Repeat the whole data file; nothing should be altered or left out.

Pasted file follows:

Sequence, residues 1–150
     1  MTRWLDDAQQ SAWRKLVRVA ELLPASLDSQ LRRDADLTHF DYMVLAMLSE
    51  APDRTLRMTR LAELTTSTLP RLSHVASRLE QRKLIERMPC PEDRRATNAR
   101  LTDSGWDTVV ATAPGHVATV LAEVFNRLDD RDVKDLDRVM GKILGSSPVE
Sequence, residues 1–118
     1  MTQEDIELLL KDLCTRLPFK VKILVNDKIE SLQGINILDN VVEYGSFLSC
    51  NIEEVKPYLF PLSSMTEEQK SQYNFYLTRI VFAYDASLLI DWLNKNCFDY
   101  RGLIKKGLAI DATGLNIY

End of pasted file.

Sequence, residues 1–150
     1  MTRWLDDAQQ SAWRKLVRVA ELLPASLDSQ LRRDADLTHF DYMVLAMLSE
    51  APDRTLRMTR LAELTTSTLP RLSHVASRLE QRKLIERMPC PEDRRATNAR
   101  LTDSGWDTVV ATAPGHVATV LAEVFNRLDD RDVKDLDRVM GKILGSSPVE
Sequence, residues 1–118
     1  MTQEDIELLL KDLCTRLPFK VKILVNDKIE SLQGINILDN VVEYGSFLSC
    51  NIEEVKPYLF PLSSMTEEQK SQYNFYLTRI VFAYDASLLI DWLNKNCFDY
   101  RGLIKKGLAI DATGLNIY